“I’m not unhappy, but sometimes I like to remember times I was a kid, playing in a village with other children, not caring about money, not worrying about anything in this life, just playing and dreaming. There are 7 villages in this area with around 20000 people live here. We are a Muslim ethnic minority. Education for children was easy to get when I was in high school. At that time, it was free for all the minorities. Now, there is a school fee for children. There are only few when you may not pay, if you’re really really poor. Because it’s the government policy, children must go to school.
Children, living in the village, are used to cutting their days in two. If they go to school in the morning, then in the afternoon they have to sell something like lottery tickets, or do something like farming or housework. It’s the way we live here. Some families don’t let their children go to school in advance, because they think, the only thing they need to know is how to count, and that’s enough. They don’t let them continue school because, ‘What for?’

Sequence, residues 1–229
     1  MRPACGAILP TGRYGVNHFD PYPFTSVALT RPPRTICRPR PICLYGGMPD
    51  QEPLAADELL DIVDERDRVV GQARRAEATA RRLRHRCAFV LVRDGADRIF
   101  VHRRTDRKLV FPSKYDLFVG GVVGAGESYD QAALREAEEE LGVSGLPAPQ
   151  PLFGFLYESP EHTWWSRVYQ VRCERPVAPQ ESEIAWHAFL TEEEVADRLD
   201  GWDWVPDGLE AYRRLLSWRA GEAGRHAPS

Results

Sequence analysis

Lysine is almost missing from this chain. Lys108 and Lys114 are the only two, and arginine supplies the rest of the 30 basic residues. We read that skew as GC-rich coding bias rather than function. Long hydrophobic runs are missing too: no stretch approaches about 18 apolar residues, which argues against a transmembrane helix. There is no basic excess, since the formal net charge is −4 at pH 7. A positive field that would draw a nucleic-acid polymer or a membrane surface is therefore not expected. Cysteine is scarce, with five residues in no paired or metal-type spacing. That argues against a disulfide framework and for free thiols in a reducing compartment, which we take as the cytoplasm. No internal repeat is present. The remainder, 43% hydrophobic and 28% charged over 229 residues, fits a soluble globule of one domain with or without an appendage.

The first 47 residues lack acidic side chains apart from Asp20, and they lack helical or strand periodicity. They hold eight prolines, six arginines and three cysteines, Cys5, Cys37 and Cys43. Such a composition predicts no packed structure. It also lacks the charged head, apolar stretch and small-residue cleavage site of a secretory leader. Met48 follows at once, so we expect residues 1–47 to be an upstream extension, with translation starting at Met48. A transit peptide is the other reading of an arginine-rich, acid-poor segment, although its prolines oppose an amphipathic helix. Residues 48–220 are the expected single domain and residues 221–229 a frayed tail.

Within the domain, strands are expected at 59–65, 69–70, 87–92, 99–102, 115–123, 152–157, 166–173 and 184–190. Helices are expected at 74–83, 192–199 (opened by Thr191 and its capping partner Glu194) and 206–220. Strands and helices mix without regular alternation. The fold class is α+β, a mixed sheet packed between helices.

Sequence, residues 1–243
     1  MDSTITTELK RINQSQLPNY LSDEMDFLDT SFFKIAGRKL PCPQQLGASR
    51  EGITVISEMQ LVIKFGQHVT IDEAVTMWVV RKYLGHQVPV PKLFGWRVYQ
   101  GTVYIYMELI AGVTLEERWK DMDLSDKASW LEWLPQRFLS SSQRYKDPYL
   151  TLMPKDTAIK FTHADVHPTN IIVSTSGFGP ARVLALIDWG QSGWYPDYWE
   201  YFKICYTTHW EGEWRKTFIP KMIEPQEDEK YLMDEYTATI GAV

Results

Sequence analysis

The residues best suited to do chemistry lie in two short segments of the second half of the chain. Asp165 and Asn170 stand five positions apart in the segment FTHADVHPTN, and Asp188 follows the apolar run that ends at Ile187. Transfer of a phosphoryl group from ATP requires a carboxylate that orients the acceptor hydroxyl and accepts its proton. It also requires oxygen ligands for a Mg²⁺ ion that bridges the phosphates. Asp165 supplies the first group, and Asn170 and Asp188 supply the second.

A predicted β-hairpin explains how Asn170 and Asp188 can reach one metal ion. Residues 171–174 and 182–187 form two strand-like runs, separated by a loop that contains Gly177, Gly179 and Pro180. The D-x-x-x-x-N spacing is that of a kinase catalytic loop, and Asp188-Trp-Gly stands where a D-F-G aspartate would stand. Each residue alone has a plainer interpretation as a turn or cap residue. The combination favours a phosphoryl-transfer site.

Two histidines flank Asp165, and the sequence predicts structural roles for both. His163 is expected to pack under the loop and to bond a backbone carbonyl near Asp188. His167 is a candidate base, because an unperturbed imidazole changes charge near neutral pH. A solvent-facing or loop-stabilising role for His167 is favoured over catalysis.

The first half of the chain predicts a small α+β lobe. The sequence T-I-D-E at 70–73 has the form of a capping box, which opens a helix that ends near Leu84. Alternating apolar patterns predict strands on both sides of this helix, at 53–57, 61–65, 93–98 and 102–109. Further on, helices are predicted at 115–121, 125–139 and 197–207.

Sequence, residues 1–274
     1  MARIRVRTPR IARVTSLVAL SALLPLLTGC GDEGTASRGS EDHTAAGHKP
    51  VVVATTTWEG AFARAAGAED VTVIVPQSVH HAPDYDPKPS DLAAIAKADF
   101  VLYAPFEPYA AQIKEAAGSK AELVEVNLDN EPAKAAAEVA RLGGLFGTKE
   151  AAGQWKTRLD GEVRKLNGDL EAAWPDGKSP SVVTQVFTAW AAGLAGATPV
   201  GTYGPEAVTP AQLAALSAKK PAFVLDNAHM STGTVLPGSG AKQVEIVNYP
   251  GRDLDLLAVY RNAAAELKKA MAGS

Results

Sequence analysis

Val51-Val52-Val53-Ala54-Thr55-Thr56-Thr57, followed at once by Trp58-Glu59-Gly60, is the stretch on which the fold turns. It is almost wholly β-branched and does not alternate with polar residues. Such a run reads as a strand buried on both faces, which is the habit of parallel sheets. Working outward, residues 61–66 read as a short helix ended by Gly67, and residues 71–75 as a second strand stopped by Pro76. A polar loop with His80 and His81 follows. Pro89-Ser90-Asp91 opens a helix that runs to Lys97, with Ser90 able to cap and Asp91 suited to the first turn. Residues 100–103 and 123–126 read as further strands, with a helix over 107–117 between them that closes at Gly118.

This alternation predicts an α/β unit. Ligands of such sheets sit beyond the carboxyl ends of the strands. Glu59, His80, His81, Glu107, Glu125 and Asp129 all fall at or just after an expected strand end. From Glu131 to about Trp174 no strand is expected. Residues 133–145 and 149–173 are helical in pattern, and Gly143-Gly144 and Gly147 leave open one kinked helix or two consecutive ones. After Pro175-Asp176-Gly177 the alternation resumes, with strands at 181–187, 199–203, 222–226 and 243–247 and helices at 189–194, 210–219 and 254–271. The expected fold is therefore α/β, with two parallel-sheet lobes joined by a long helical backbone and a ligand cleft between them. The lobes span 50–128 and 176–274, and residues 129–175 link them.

Now, there is higher education, some children can go to the University, and then to many cities to make a living. Poor people have no choice, they have to live here in the village, as luck of education gives you no choice, so they have to stay here. Everything is a question of education, of chances. A lot of people try to live in Saigon, but it’s not easy. Sometimes, people have to live outside the city, not somewhere where they work, because they simply can’t afford it. If you have more, you pay more. I lived in Saigon for 10 years now, but my house is near here, my family too.
I studied Economy at the University. It was hard for me to get higher education, but I really wanted to do lots of things. However, after my studies, I searched everywhere, and I couldn’t find a job, you know why? Because they asked me, ‘How many years of experience do you have?’ When I applied for a job, each time there was this same question, ‘How many years of experience…?’ Usually the answer for me was, ‘Sorry, at least we need 3 years of experience.’ Luckily for me I know English, so I can find some jobs to survive. Finally I studied again, some courses about tourism and everything. To work with tourists is the only alternative for lots of Vietnamese here, even graduates like me. I had some dreams, but I have a wife and kids, so I’m just trying to earn money. It’s the real thing. Maybe one day I will win with my lottery ticket!”